If you hear a humming or whirring noise while driving, or if your ABS warning light illuminates, it may be time to schedule a wheel bearing repair. Most automobile wheel bearings are made up of a set of spherical steel balls kept in position by a metal track known as a race. Fitting a new set of ball bearings is a difficult task that a skilled mechanic should only do.
What Are the Tools Required to Replace a Wheel Bearing?
A set of needle-nosed pliers, a ratchet wrench with various sockets, a flat-head screwdriver, and a jack star wrench for releasing wheel nuts.
What is the procedure?
Park the vehicle on a flat surface: As with other forms of automobile repair, the safety of the person conducting the job and anybody nearby is the essential concern. When you begin changing your wheel bearings, there is a chance that your car could abruptly move or roll away. Before you begin, make sure your car is parked on a level surface.
Set the car to first, backward, or neutral gear, or ‘park’ if it has an automatic transmission: Make sure the handbrake is as tightly as possible engaged.
Wheel chocks can be used to secure wheels whose bearings aren’t being replaced: It is a good idea to use robust chocks to keep your vehicle’s wheels in place for extra stability. Put one beneath each of the wheels on which you will not be working, as the wheels on which you will be working will be elevated off the ground. Wheel chocks, for example, would be placed behind the rear tyres if you were working on a front-wheel bearing and behind the front tyres if you were working on a rear wheel.
You will need to lift the car off the ground to access the internal components of the wheel. This is why the jack that comes standard with your automobile is such a valuable piece of equipment. Use the wrench – which should also be included in the tyre replacement package – to begin loosening the wheel nuts.
Before removing the wheel, make sure the automobile is securely mounted on the jack: Alternatively, you should utilize a purpose-built axle stands and 50 ton hydraulic puller, which is designed to support the weight of at least one end of your automobile.
Remove the wheel by unscrewing the lug nuts: This should be simpler if you loosened these previously. Keep them secure so you don’t lose them – an inverted wheel cover or even a saucer would suffice!
Take off the brake calliper: First, remove the bolts that hold the brake calliper in place with a socket and a ratchet. Then, using a screwdriver, remove the calliper itself. When removing the calliper, be careful not to let it dangle freely since this might cause damage to the brake hose. Instead, loop it over a secure portion of the undercarriage or tie it in place with a short length of twine. You might use a bungee cord or a bent coat-hanger to do this.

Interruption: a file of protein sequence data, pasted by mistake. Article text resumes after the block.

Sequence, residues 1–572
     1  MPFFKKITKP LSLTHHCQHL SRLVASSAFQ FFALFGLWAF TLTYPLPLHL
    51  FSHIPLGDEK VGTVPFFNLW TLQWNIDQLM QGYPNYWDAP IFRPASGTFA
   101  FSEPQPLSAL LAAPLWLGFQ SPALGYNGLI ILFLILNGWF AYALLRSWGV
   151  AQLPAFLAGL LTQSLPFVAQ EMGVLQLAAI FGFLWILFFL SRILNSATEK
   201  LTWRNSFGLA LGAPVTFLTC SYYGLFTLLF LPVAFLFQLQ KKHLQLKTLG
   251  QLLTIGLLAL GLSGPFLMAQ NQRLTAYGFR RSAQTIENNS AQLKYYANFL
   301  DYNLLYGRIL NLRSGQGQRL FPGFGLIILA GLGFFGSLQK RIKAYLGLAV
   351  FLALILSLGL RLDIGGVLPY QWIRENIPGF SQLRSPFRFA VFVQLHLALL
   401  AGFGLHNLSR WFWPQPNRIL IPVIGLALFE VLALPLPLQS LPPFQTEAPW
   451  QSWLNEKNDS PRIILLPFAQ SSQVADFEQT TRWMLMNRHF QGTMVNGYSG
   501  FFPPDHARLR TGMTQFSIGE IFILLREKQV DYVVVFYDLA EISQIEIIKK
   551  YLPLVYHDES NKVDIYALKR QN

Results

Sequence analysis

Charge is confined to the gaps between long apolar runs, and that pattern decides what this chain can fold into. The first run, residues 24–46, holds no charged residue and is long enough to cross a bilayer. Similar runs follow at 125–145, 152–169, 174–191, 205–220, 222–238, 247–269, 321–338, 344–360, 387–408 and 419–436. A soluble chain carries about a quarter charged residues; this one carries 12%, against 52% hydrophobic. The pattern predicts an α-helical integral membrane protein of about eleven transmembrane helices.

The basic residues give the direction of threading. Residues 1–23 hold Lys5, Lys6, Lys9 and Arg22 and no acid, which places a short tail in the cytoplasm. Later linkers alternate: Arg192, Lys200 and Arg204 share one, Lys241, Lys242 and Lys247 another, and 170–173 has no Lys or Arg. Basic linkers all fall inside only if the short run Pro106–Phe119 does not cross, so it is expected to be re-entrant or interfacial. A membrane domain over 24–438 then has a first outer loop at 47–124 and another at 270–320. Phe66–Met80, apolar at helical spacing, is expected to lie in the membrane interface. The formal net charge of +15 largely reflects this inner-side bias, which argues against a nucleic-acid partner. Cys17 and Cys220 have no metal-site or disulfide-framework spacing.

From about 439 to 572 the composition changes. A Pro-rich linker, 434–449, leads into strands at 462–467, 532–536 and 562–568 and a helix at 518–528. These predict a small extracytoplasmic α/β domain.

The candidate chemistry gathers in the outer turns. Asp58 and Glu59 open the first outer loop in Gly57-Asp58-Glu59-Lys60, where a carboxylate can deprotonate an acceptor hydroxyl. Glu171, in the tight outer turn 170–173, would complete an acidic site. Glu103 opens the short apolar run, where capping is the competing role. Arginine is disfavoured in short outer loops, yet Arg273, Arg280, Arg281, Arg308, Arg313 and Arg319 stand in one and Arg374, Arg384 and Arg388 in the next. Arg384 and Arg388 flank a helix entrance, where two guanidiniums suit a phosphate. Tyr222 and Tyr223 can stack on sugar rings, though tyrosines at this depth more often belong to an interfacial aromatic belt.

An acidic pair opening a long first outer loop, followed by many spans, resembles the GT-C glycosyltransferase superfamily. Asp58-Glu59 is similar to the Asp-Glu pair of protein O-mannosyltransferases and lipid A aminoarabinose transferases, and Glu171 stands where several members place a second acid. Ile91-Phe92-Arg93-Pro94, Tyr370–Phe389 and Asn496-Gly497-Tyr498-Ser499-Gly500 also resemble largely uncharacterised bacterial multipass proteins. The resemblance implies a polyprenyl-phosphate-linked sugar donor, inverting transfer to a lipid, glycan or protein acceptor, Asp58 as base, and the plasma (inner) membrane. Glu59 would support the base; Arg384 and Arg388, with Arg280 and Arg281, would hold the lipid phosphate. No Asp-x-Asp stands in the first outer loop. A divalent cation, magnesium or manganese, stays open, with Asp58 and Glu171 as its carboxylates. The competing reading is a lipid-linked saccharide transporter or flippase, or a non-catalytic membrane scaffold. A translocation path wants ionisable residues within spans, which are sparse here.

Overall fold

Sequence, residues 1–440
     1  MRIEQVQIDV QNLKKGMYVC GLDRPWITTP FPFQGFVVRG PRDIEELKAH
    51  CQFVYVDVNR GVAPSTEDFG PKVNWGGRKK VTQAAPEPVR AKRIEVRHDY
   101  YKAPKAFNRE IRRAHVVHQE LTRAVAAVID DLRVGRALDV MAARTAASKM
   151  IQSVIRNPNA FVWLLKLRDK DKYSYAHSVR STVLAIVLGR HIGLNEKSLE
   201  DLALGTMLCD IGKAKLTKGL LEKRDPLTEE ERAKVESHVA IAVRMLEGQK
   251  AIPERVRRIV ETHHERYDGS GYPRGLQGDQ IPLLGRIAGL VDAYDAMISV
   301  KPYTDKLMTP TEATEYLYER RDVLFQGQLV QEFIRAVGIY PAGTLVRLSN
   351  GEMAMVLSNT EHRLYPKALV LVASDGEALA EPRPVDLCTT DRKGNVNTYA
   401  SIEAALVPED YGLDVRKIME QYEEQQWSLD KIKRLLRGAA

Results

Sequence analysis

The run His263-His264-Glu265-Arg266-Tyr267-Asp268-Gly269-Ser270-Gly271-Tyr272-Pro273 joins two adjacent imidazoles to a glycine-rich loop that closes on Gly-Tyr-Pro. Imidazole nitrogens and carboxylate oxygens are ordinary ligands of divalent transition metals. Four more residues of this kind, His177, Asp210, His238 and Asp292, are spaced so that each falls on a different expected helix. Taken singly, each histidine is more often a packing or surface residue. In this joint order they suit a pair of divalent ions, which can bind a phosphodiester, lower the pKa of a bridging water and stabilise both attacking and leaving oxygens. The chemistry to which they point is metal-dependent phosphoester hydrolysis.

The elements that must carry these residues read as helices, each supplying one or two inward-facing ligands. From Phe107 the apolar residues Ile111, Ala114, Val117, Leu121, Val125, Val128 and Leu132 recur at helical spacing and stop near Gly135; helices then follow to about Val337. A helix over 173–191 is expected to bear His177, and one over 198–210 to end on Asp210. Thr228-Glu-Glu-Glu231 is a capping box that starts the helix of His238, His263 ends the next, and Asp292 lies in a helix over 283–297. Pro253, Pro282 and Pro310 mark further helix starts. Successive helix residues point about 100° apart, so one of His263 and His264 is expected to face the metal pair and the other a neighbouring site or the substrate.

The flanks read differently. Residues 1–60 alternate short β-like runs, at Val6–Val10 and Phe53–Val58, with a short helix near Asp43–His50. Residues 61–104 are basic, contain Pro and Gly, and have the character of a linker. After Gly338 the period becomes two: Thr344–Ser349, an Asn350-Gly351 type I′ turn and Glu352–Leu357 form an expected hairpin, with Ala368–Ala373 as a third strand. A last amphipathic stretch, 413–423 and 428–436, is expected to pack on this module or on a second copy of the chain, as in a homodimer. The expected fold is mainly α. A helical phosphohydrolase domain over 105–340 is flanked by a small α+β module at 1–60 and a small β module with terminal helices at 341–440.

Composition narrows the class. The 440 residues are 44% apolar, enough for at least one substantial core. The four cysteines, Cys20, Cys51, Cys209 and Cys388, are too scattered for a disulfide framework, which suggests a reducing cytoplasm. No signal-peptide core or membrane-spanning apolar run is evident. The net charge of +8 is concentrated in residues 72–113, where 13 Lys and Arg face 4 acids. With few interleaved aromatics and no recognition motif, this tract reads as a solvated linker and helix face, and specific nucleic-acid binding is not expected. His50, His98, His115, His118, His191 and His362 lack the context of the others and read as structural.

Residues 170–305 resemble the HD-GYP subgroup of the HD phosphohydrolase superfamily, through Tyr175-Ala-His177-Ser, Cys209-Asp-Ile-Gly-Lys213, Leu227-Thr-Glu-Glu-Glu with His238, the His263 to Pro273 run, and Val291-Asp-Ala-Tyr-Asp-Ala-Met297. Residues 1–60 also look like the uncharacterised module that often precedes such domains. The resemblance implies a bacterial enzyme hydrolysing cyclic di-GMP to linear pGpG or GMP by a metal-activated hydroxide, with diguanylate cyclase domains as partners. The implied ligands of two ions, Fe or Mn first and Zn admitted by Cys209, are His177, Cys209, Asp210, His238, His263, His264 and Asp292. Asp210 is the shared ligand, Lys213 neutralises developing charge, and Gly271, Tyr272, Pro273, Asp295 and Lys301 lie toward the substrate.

Remove the dust cover, cotter pin, and castle nut from a wind turbine rotor: Next, remove the nut and its washer by unscrewing them. The cap is the component that keeps the rotor in place and maybe removed using pliers or a hammer.
Firmly grasp the peg in the centre of the rotor assembly with your thumb: Next, firmly but gently strike the rotor itself with the palm of your other hand. This should loosen or cause the wheel’s outer bearing to fall out altogether. Finally, remove the outer bearing, followed by the complete rotor. WARNING: If the rotor becomes stuck, you may need a rubber mallet to free it.
Remove the old hub by unscrewing the hub nuts: The wheel bearing is located inside the hub, often kept in place by many bolts screwed in from behind. Because these bolts are hidden away in the car’s underbody, a slim socket wrench and a breaker bar are suggested to loosen and remove them. Next, remove the hub from the axle once you’ve removed the bolts. It’s worth noting that if you bought a new hub assembly, you may install it and reassemble the wheel at this point, and you’ll be done.
To get to the bearing assembly, you’ll need to disassemble the hub: To remove the end of the hub and any anti-lock brake wheel that may be part of your hub, you’ll most likely need to use a wrench (and a hammer). Next, clean the knuckle by removing the races. Removing the races from a bearing assembly generally entails manually breaking them with a grinder or hammer and chisel.
Wheel bearing replacement is a very typical job performed by a trained and experienced technician because bearings degrade and fail over time. For example, striking a curb with some force can potentially cause premature wheel bearing damage. Otherwise, you can read a detailed explanation of what your car’s wheel bearings perform in our previous post here. This also covers the warning signs you should be aware of, indicating that you should start looking into the wheel bearing replacement.